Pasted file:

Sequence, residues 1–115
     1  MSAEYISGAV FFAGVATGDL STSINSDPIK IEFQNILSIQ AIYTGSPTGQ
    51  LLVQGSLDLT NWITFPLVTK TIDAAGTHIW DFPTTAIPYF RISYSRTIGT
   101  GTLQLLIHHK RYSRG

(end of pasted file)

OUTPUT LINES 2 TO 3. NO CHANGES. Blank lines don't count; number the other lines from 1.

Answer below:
     1  MSAEYISGAV FFAGVATGDL STSINSDPIK IEFQNILSIQ AIYTGSPTGQ
    51  LLVQGSLDLT NWITFPLVTK TIDAAGTHIW DFPTTAIPYF RISYSRTIGT